The NHL Won't Change Its Cannabis Policy In The Face Of Canadian Legalization (And That's A Good Thing)

Just under one quarter of the National Hockey League's teams hail from Canada, where recreational cannabis will be legal as of October 17 of this year. So what does the world's top hockey league plan to do when Canada repeals cannabis prohibition? Nothing, according to NHL Deputy Commissioner Bill Daly.

And that shouldn't surprise anyone given the NHL's current drug policies. Players are routinely tested for performance enhancing drugs, but only around a third of them are screened for illicit substances. And since marijuana isn't listed as a banned substance by the league, any players who test positive for cannabis consumption aren't reprimanded in any meaningful way.

Players who are found to be using excessive or dangerous amounts of various substances can be referred to the NHL's Substance Abuse and Behavioral Health Program. That can land them in a treatment program for substance abuse, but they won't face punishments like we've seen in the NFL.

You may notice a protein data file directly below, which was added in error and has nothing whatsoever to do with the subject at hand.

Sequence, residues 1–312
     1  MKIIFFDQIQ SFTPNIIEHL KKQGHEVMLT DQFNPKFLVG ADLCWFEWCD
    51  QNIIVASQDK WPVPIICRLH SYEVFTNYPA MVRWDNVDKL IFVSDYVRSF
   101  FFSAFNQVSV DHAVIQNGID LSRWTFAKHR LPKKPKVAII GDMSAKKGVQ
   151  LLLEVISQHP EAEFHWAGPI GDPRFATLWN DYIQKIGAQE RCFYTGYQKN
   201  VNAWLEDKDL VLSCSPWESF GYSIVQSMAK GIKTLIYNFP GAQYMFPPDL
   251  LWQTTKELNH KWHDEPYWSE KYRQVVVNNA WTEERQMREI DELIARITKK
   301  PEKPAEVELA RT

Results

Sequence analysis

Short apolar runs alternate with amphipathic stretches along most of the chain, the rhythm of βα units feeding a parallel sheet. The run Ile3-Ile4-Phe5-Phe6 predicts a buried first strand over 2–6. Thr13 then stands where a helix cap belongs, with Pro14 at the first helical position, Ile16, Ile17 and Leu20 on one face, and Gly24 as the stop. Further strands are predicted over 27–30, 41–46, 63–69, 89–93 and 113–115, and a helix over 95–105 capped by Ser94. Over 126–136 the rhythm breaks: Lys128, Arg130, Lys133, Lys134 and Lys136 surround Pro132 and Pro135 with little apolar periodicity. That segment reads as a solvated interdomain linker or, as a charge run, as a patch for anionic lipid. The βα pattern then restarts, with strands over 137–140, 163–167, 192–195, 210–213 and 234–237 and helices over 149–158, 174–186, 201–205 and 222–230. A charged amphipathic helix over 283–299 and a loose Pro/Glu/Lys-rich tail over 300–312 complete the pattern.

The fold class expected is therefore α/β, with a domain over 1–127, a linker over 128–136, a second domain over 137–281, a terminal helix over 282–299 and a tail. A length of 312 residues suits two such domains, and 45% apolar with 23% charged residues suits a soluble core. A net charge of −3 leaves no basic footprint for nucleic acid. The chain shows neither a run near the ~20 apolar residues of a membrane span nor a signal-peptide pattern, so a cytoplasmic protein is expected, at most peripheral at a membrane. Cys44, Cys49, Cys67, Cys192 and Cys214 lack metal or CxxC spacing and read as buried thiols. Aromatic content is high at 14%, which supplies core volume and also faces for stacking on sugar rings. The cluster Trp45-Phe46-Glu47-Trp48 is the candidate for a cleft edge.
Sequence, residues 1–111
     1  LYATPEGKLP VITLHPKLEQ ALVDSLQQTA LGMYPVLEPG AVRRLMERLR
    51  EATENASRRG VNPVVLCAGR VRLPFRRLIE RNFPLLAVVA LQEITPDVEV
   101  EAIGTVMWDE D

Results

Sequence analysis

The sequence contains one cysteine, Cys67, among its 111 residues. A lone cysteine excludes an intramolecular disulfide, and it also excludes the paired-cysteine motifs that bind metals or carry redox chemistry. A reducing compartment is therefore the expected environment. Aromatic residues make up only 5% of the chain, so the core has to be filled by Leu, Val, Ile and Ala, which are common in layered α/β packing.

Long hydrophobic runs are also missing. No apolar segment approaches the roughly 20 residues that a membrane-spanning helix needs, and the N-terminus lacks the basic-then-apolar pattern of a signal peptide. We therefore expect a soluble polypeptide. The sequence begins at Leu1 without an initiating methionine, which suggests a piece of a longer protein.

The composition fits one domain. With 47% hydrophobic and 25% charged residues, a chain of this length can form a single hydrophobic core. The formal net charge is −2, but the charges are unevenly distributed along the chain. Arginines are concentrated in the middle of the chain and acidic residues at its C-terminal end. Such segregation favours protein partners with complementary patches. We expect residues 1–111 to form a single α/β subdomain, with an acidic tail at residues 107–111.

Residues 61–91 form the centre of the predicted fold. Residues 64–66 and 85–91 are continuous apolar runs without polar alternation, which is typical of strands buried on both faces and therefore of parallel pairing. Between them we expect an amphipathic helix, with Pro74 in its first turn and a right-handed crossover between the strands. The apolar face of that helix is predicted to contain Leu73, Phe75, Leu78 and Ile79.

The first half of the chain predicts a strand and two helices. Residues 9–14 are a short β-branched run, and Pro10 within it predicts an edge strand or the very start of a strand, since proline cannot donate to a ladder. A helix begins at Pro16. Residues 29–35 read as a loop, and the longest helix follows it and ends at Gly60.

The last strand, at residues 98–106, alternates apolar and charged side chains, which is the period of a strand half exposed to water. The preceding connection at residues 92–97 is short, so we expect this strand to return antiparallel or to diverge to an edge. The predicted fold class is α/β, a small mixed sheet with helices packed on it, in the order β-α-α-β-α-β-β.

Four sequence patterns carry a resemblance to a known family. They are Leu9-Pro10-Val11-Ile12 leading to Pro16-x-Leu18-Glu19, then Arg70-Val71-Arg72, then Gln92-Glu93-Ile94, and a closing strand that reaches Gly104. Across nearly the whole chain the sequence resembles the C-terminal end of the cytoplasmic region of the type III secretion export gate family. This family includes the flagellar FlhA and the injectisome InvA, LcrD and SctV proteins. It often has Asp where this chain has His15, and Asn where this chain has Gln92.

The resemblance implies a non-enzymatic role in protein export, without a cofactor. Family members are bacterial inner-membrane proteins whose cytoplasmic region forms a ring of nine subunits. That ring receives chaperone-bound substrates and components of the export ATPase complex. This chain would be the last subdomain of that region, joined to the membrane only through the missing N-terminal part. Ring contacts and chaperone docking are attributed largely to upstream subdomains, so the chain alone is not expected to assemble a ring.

So the NHL doesn't need to change their cannabis policy since they already have the most progressive stance on drug use compared to the other professional sports leagues in North America. Hopefully the other Big Four leagues follow suit as the legalization movement continues to gain momentum across America.

H/T: The Fresh Toast

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Alberta recently announced plans to stop licensing cannabis retailers until Canada's cannabis supply shortage has been resolved—a move some US experts think is the wrong way for the Canadian province to approach the issue. At the end of November, the Alberta Gaming, Liquor and Cannabis Commission (AGLC), which regulates the province's cannabis industry, said they would temporarily stop issuing licenses for new pot shops. The AGLC says they made that move because the province simply can't get enough cannabis to supply any more stores.

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